“Derek: can you give me a reason for the killing time?

“Varsamas: to cleanse the gene pool of idiocy

“Katy: [Addresses defendant as “Anatomy of a spelling lesson” and corrects several spelling errors.]

“Defendant: imao that cop was a prick anyway XD id love to kill him, one of my co-workers today said we should hold ppl at gun point and rape them * * * any way so what's the date and time for us to do this?”

That is the entire conversation contained in the record. Sometime afterward, Katy reported the conversation to the police, who, in turn, reported it to the school. Defendant was subsequently interviewed by police, arrested, and tried for disorderly conduct.3 As noted above, he raised both a constitutional issue (prosecuting him under the charging instrument violated his state and federal free expression rights) and a statutory issue (his undisputed speech activities did not amount to knowingly creating a risk of public inconvenience, annoyance, and alarm by initiating and circulating a report of an impending catastrophe in a school). The court rejected both arguments. In rejecting the statutory argument, the court stated, “making postings on a MySpace page that is later reported to the police by a person who is—has access to those MySpace comments, in my mind, could, at least arguably, constitute initiation or circulation of a report.” The trial court, in other words, ruled that the report that created the specified risk was Katy's report to the police, and that defendant's postings “initiated” that report.

With respect, and recognizing that the trial court, unlike this court, did not enjoy the luxury of extended deliberation and discussion, we reach a different conclusion for two reasons.4 First, to find defendant guilty, the court would have to have found that defendant knowingly initiated and circulated the report. There is no evidence that he did either. If anybody initiated the chain of events that resulted in Katy's report, it was Varsamas. His post, not defendant's, started the online conversation. Nor did defendant circulate the report; the allegedly culpable conduct occurred entirely before the report was made. Second, one element of the crime as charged is the culpable mental state of “knowingly.” To obtain a conviction, the state had to prove that, when defendant made the relevant statements, he knew that he was “creat[ing] a risk of public inconvenience, annoyance and alarm.” Again, there is no evidence to support that inference. In fact, the evidence points to the opposite conclusion. Defendant and Katy were not acquainted with each other. Her participation in the conversation consisted of mocking defendant's spelling and cautioning him and Varsamas that somebody could take them seriously—an observation accompanied by a clear indication that she did not: “Probably shouldn't be saying that, someone could take you seriously. Lol.”5 Although a reasonable juror could conclude beyond a reasonable doubt that Katy's report would cause the risk of public inconvenience, annoyance and alarm, no reasonable juror could find, on the evidence in the record and inferences drawn from it, that defendant knew that Katy would make that report.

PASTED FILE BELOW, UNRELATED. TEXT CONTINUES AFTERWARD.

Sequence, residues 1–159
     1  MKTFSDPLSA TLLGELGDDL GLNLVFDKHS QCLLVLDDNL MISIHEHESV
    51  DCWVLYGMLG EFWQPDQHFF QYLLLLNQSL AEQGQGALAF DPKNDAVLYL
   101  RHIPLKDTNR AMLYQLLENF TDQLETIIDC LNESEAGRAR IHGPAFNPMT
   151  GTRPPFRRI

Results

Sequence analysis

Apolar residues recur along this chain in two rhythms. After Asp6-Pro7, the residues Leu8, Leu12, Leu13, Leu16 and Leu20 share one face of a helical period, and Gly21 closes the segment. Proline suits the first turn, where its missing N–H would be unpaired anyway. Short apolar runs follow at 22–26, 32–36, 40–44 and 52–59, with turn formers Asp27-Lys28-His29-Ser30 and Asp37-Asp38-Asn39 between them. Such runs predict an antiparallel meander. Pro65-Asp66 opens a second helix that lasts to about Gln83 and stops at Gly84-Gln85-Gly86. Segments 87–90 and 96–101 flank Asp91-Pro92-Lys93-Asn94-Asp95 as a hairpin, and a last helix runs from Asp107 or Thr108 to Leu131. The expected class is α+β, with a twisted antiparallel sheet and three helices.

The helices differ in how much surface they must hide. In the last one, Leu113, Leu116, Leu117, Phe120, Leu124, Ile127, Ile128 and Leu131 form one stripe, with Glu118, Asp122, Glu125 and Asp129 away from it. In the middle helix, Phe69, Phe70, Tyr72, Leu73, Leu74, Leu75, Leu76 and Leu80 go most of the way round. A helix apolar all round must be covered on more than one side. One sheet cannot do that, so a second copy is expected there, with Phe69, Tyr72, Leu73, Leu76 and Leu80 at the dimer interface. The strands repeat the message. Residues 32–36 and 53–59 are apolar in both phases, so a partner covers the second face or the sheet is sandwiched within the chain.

It is also possible that the “report” in question was not Katy's call to the police, but the conversation between the MySpace participants themselves. Where, as here, there is no indication that the word is used in a technical legal sense, the term is not defined by statute, and there is no helpful legislative history, we look to the word's plain, ordinary meaning. See State v. Briney, 345 Or 505, 511, 200 P 3d 550 (2008) (court gives words of common usage their plain, ordinary meaning). Webster's Third New Int'l Dictionary 1925 (unabridged ed 2002) defines a “report” as, among other things: “common talk or an account spread by common talk: a story or statement casually repeated and generally believed: rumor.” It is therefore plausible that the state's theory was that defendant's contributions to the MySpace conversation initiated and circulated the rumor that there was an impending catastrophe at the school. That theory shares the same flaws as the one presuming that the report in question is Katy's. First, there is no evidence to support the inference that defendant, who was charged with initiating and circulating the rumor, in fact initiated it. His codefendant did. Second, there is no evidence to support the inference that defendant knew that his contribution to the conversation would ultimately move beyond the conversation itself so as to cause the specified risks. In short, the state did not adduce sufficient evidence to support a conviction. The court should have granted defendant's MJOA. We therefore reverse.

Conviction for first-degree disorderly conduct reversed; otherwise affirmed.

FOOTNOTES

1.  ORS 166.023 provides, in part:“(1) A person commits the crime of disorderly conduct in the first degree if, with intent to cause public inconvenience, annoyance or alarm, or knowingly creating a risk thereof, the person initiates or circulates a report, knowing it to be false:“(a) Concerning an alleged hazardous substance or an alleged or impending fire, explosion, catastrophe or other emergency; and“(b) Stating that the hazardous substance, fire, explosion, catastrophe or other emergency is located in or upon a school as defined in ORS 339.315.”

2.  Varsamas and defendant were codefendants at trial and both were convicted of first-degree disorderly conduct. Varsamas is not a party to this appeal.

3.  Defendant was also tried for, and acquitted of, three counts of harassment.

4.  The trial court did observe that the state was “attempting to stretch” the meaning of the words in the statute, and that the question of whether the statute applied to defendant's speech was “a close one.”

5.  Katy testified, and everybody who might appear on MySpace or Facebook knows, that “lol” is an abbreviation of “laughing out loud.”

SCHUMAN, S.J.

Copied to clipboard